What were the Oslo accords? (Al Jazeera)

Looking back, Oslo’s position on the Israel-Palestine conflict has been steady.

Advertisement

Norwegian officials have maintained high levels of support for the United Nations Relief and Works Agency for Palestine Refugees (UNRWA) and have been quick to demand a ceasefire after the latest conflict erupted.

Previously, Norway has condemned the Israeli occupation before the International Court of Justice. It does not export weapons to Israel and has sanctioned some “extremist” settlers.

“Norway believes that Israeli settlement activity on occupied land is illegal under international law and hinders the peace process and is in firm belief of a two-state solution as the only durable solution,” said Hasini Ransala Liyanage, a doctoral research fellow at the University of Oslo’s political science department.

She described Norway as a “prominent mediator of multiple conflicts in the world” that has “always focused on peaceful solutions”.

Norwegian mediation is characterised by a willingness to provide long-term assistance, impartial facilitation of peace talks and close corporation with parties in conflict, she added.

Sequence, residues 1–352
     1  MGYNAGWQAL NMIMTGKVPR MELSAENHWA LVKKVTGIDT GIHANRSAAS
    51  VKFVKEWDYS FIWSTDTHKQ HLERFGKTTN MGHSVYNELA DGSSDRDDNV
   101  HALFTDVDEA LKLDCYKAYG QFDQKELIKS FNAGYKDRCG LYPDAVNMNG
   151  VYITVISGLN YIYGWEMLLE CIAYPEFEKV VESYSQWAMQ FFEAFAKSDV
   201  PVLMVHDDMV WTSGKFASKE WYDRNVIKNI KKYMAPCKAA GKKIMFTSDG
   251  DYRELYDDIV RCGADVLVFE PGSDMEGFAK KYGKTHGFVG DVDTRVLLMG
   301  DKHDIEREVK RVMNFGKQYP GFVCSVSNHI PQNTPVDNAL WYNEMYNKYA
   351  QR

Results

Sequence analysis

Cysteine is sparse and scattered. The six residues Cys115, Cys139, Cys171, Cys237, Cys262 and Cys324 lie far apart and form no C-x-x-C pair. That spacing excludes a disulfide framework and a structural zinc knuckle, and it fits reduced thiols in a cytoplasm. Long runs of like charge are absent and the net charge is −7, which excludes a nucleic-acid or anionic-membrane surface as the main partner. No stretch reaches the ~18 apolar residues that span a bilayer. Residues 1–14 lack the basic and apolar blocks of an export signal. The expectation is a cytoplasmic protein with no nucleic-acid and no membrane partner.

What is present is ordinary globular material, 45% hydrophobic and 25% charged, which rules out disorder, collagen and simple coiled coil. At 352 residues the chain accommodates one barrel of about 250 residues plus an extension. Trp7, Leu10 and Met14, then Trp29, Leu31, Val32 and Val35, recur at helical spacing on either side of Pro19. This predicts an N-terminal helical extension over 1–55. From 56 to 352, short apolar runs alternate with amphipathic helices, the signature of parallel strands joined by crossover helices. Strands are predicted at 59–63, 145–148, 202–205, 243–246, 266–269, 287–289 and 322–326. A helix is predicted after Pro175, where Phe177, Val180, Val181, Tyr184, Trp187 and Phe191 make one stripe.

Advertisement

Oslo’s recognition of a Palestinian state also underlines its support for the Arab Peace Initiative, which calls for recognition of Israel’s right to exist and normalisation of ties in exchange for its withdrawal from lands captured since 1967 and a Palestinian state with East Jerusalem as its capital.

“To me, it seems the announcement is designed to create attention for this initiative and contribute to diplomatic momentum to increase European support for the Arab peace plan,” Sverke Runde Saxegaard, a doctoral researcher at the University of Oslo, told Al Jazeera.

“The government has been emphasising throughout the day that this is not in any way a sign of support for Hamas but a sign of support for forces and actors that seek a nonviolent solution to the conflict within both Israel and Palestine. To provide a glimmer of hope in a dark time, so to speak,” he added.